IN VIEW of the popularity that the pencil has long enjoyed as a medium of artistic expression, it seems rather strange that so little has been written relating exclusively to it. For it is certainly true, whatever the reasons may he for this apparent neglect on the part of our writers, - reasons on which it is idle and irrelevant to speculate here, - that though there is a wealth of material dealing with kindred subjects, contributions bearing directly on the uses of this universal medium are few and meagre indeed.
This dearth of material became clearly apparent to the author when he was called upon, some ten years ago, to teach pencil sketching and technique in the art and architectural classes at Pratt Institute, for at that time a book was sought which might be employed as a text and reference work for his students. As nothing seemed available complete enough to satisfactorily meet all the requirements, a series of lectures was prepared by the author, based on his own training in art and architecture, which, after having been revised and amplified from time to time to meet the needs of the various classes under bis instruction, forms the basis of this present volume.
Some of these lectures were arranged for pupils seeking a general art education; others were especially for architectural students, while a few, taking up the representation of furniture, draperies and the like, were used for the classes in interior decoration. As records were kept in all of these classes from year to year of the difficulties most frequently encountered and of points which seemed to require the most thorough explanation; also of the mistakes most commonly made by the pupils, it was possible to so revise the lectures as to anticipate and cover in advance many of the questions and problems which might otherwise have given trouble. An effort was made to guide the student step-by-step through the work, explaining each part with the greatest care.
When arrangements were made in 1020 to prepare a serial article on the subject of "Sketching and Rendering in Pencil" for "Pencil Points" it obviously became necessary to approach the whole subject from the standpoint of the architect and the architectural draftsman and student, so arranging the facts presented as to make them of the greatest value and interest to persons connected with the architectural profession. It seemed advisable, therefore, to exclude considerable material of a general nature, hut in its place several additional sections were prepared, based on the professional experience of the author as architect and architectural illustrator and dealing especially with the uses of pencil in the free-hand rendering of architectural subjects.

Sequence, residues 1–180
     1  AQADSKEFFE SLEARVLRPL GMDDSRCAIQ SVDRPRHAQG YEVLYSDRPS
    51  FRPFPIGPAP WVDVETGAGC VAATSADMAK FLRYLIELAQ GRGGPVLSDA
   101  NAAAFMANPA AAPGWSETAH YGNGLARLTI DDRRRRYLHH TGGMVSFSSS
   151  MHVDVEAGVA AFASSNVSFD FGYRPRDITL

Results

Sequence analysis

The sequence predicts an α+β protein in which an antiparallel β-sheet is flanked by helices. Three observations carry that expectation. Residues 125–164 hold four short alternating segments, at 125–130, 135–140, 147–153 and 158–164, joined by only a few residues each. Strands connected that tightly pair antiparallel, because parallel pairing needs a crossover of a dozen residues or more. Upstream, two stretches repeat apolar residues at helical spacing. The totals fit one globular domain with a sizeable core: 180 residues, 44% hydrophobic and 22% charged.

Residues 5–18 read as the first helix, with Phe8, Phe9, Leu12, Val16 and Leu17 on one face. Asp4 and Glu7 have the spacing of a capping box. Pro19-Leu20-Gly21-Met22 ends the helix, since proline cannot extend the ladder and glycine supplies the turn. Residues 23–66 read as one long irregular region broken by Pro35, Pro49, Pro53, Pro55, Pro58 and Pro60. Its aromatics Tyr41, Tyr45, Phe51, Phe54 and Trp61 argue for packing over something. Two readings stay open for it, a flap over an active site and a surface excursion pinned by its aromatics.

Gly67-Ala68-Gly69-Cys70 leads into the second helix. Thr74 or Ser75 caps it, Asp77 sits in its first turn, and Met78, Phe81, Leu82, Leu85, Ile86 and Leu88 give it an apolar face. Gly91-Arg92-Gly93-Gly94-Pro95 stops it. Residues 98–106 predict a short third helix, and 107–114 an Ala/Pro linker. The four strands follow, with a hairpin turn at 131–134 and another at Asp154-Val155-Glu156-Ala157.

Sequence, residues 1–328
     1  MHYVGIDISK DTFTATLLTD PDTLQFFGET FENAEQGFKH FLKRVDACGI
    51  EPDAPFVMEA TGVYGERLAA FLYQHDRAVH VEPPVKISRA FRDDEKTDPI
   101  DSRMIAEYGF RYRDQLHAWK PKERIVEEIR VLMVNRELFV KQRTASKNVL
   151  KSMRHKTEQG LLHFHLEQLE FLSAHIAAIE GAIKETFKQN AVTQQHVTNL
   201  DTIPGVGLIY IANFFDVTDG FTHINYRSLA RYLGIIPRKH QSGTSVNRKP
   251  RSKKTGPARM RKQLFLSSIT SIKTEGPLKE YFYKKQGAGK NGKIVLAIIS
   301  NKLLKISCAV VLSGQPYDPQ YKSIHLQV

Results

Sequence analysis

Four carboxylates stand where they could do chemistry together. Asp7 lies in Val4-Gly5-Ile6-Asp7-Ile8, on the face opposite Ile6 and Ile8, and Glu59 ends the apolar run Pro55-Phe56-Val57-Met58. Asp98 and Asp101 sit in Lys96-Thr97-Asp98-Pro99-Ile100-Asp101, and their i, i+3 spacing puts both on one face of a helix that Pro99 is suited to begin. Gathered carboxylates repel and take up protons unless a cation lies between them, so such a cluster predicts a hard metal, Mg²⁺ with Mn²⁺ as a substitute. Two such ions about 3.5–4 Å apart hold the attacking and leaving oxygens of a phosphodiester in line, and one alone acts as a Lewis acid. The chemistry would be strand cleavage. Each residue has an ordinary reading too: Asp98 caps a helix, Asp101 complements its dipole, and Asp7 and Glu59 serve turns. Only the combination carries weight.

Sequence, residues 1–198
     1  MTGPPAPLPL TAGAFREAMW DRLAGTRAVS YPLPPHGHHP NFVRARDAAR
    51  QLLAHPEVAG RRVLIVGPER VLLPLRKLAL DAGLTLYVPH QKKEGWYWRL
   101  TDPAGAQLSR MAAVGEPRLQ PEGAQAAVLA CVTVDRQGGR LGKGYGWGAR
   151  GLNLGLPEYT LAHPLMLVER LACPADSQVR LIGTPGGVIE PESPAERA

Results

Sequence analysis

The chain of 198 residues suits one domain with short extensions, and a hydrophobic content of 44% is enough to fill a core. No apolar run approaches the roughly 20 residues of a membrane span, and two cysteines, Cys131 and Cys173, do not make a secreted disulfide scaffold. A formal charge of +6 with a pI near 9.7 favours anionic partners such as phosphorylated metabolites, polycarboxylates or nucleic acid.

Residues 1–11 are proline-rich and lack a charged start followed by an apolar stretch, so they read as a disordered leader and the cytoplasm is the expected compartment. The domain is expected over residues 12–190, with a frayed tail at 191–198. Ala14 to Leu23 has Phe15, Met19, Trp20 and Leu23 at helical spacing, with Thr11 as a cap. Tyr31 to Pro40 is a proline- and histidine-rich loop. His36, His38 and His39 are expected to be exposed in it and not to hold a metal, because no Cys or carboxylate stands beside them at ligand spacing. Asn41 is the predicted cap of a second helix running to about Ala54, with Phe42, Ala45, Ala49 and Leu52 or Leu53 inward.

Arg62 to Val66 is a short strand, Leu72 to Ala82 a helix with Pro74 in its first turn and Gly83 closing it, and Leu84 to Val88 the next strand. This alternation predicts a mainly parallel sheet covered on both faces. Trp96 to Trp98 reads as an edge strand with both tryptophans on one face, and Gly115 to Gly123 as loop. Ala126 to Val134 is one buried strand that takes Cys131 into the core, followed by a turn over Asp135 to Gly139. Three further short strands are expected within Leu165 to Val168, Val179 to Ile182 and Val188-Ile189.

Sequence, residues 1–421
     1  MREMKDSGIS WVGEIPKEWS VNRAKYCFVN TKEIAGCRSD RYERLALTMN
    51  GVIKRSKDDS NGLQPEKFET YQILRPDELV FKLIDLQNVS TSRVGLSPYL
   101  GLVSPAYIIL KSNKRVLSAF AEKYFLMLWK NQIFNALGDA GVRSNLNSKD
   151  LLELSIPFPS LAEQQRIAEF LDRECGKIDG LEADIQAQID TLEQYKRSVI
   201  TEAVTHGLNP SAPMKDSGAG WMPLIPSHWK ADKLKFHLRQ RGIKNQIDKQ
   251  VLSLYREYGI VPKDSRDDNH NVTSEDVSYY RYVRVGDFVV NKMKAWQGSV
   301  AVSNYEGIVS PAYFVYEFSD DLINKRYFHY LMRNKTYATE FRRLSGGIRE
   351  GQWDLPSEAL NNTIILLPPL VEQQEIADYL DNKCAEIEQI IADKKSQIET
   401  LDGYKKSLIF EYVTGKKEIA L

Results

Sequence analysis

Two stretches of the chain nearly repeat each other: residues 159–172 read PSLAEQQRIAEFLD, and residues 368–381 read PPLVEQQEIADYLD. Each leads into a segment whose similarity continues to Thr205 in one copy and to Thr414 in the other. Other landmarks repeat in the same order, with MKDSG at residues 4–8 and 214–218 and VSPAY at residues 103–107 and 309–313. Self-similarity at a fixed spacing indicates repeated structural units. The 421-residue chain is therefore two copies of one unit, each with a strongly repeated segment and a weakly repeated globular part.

This article, based on the lectures mentioned above, appeared in "Pencil Points" from August, 1920, to December, 1921, inclusive, in seventeen instalments, and met a much warmer reception than was expected by either the author or the publishers. Because of the rapid growth of the magazine, the hack numbers of each issue were soon exhausted - it became impossible to meet the demand for the early installments; therefore the publishers, taking into consideration the fact that the inquiries received were not only from those connected with the architectural profession, but from artists and teachers and art students as well, decided that it was advisable to republish the entire series in some permanent form so as to make it available to all. The present volume is the result of this decision, and as it now stands contains in revised form the material published in "Pencil Points." to which has been added much material which was omitted from the magazine mainly because it approaches the subject entirely from the art rather than the purely architectural standpoint. Then, besides many new illustrations by the author drawn especially for this purpose, we are able to include through the kind cooperation of many well known artists, numerous examples of pencil work, showing a wide range of subject and great variety of technique. All these various reproductions are presented not merely as excellent examples of pencil drawing, however, but each is selected to illustrate some principle of composition or some suggestion for technique given in the text, thus adding, we believe, to the usefulness of the whole.
In preparing this volume we have presupposed that our readers would be. in the main, students of art or architecture or some allied subject, on the one hand, and architects or draftsmen, artists and art teachers on the other. We have endeavored to offer suggestions of value to all these classes of individuals and to do so it is plainly necessary to include much that is too elementary for the experienced man and much that is a bit too advanced for the novice. Therefore let the former omit or hurry over the rudimentary portions and the latter seek advice from his teacher as to the parts best suited to his state of progress. For the beginner needs a teacher and no hook or books can take the place of personal instruction, - in fact, a hook of this sort can do little but offer general instructions and suggestions, a bit of knowledge and a little inspiration; - if the reader gains a few thoughts that are new or has ideas which were partly forgotten brought back to him or is made to see familiar things from an enlarged viewpoint, this work will have served a useful purpose.
A Figure Study By Troy Kinney For His Etching "Provoquante".
Courtesy of Kennedy & Co.